Two days out of Ushuaia, Argentina enroute to the West Falkland weren’t spent sleeping, starting with 7:45 a.m. wake-up calls. The Marine animal specialist, Annie, did presentations on seals and whales while our ornithologist, Adrian, helped us identify birds of the Falklands and South Georgia Islands. Acacia, our photography guide taught us how to capture the perfect photo. Woody presented the history of the Falkland islands.

They tried to prepare us for the amazing experience on our morning landing at Westpoint Island and the afternoon landing at Saunders, which was quite the task. Westpoint has a booming summer population of four people and black-browed nesting Albatross and Rockhopper penguins by the thousands along the cliffs. We had to be careful walking to not step on these smallest (but most noisy) penguins or the endangered albatross that mate for life with their partners.

In the afternoon, the ship sailed to Saunders Island, site of the first English settlement in 1765. It is now home to 11,000 breeding pairs of black-browed albatross and five penguin species. The way I keep them straight:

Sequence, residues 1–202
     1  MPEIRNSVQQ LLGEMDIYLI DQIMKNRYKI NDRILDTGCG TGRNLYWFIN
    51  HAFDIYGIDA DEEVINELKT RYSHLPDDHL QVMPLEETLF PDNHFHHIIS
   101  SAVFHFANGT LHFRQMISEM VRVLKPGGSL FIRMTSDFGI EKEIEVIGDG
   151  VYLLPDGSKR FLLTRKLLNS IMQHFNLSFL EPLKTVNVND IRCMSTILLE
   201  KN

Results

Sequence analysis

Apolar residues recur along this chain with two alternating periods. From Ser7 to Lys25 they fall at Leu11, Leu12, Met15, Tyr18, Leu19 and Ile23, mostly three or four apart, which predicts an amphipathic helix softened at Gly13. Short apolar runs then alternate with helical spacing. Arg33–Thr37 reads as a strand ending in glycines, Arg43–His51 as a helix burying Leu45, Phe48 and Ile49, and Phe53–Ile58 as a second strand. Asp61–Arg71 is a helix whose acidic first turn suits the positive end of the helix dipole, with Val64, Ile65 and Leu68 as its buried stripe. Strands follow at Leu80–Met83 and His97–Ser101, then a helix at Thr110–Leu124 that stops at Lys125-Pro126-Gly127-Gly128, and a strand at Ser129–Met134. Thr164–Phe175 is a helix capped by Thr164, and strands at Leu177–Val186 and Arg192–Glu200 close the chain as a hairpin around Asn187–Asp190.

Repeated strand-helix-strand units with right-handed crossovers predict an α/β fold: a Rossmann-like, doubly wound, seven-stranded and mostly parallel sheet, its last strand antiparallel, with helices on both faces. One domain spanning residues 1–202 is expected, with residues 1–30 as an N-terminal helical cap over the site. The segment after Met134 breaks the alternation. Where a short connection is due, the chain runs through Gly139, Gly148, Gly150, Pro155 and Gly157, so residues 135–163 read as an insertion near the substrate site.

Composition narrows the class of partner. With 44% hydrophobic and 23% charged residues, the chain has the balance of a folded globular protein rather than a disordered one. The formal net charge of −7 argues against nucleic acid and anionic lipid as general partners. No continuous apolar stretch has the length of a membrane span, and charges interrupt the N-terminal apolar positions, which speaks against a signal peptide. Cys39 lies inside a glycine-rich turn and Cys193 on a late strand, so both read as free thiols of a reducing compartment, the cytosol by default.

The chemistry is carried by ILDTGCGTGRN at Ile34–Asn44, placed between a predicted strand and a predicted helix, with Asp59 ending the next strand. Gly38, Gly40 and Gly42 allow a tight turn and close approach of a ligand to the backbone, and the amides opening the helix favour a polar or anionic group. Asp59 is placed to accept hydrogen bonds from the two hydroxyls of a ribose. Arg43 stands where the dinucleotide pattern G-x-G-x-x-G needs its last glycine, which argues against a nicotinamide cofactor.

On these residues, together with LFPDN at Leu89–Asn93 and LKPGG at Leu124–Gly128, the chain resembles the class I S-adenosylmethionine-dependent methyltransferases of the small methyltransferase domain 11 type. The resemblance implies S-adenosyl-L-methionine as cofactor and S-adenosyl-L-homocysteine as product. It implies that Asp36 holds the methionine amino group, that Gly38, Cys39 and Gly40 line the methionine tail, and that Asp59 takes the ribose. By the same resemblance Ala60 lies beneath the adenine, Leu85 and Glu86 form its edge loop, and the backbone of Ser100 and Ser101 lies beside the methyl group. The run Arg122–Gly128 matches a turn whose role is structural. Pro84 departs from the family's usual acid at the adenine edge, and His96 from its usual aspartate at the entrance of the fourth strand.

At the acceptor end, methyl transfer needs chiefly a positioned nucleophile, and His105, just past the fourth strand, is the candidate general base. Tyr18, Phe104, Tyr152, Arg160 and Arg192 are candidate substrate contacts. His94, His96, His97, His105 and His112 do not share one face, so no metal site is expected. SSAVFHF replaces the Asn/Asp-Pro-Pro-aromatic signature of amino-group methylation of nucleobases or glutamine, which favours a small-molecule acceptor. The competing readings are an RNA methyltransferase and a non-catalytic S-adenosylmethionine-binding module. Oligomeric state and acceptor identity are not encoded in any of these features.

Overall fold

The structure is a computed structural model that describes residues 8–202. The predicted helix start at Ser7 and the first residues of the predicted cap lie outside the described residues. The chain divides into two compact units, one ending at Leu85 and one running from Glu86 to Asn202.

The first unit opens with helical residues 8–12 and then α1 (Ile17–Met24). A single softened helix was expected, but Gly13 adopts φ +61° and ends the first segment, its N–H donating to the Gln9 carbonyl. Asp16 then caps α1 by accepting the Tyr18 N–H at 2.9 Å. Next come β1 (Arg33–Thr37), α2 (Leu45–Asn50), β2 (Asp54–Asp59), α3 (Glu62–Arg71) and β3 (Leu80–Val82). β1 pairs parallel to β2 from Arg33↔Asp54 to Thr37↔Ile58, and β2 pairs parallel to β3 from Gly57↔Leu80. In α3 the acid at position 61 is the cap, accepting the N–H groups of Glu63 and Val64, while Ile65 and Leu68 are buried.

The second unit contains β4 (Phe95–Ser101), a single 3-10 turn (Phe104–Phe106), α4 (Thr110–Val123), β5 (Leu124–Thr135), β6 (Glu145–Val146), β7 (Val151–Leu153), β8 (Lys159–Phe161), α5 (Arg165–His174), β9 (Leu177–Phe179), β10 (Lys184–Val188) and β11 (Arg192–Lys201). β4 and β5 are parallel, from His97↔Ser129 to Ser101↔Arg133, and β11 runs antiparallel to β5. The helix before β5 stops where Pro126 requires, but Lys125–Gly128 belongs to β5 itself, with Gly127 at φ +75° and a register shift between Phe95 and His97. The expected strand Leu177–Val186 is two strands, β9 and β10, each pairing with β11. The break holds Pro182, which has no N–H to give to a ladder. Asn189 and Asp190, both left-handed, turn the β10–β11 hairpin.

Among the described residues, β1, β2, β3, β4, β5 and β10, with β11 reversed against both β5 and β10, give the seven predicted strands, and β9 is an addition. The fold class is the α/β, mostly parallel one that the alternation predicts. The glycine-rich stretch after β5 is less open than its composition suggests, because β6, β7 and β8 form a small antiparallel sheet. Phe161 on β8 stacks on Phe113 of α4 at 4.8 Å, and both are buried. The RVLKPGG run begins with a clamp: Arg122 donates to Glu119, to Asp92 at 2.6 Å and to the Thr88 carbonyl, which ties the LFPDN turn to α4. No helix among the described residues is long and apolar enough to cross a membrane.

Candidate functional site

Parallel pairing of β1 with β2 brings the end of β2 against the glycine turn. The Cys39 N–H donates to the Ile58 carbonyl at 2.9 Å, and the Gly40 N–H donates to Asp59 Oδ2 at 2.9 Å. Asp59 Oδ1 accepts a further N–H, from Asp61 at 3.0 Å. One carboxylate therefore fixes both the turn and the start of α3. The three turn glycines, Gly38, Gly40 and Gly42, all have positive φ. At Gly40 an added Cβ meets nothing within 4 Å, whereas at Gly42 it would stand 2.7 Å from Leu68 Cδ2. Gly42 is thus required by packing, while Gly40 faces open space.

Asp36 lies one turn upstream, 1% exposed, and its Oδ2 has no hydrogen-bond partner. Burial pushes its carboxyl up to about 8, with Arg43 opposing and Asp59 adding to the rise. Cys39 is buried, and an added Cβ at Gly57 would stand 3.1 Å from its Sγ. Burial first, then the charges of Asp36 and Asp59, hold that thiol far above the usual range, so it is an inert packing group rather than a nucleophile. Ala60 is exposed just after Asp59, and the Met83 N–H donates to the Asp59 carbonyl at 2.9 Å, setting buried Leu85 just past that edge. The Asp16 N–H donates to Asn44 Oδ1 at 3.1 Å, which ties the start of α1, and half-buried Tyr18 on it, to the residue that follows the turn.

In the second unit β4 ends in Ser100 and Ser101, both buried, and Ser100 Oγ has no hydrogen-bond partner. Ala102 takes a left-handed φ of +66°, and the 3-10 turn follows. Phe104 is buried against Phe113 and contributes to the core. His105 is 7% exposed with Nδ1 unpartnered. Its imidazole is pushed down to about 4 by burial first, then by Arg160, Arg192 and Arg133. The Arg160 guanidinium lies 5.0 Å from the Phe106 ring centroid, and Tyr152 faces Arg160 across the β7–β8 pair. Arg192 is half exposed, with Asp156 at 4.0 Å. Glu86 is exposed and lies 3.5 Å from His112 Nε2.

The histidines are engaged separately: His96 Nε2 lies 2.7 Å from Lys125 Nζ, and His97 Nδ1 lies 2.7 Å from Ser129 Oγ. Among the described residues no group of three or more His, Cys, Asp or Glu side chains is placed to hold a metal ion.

Rockhopper–noisy and yellow brows

Gentoo–look like they have red lipstick and they are quite funny to watch as they steal rocks from other nests. They are quite animated.

Megellanic–live in burrows and bray like a donkey

Macaroni–Have a Donald Trump hairstyle and other mannerisms of the Trumpster.

King–tallest penguin in the Falklands (only the emperor is bigger) with orange markings. Juveniles are fluffy brown and must molt before they can enter the water to eat. Some of them are larger than their parents. Apparently, molting is a miserable experience as they seem to be shunned or perhaps depressed.

 

We also saw whale bones above the beach and two predators–the Skua looking so sweet with the baby chick (but they are quite vicious) and the Striated Caracara just waiting for a baby penguin left alone.

 

 

 

 

 

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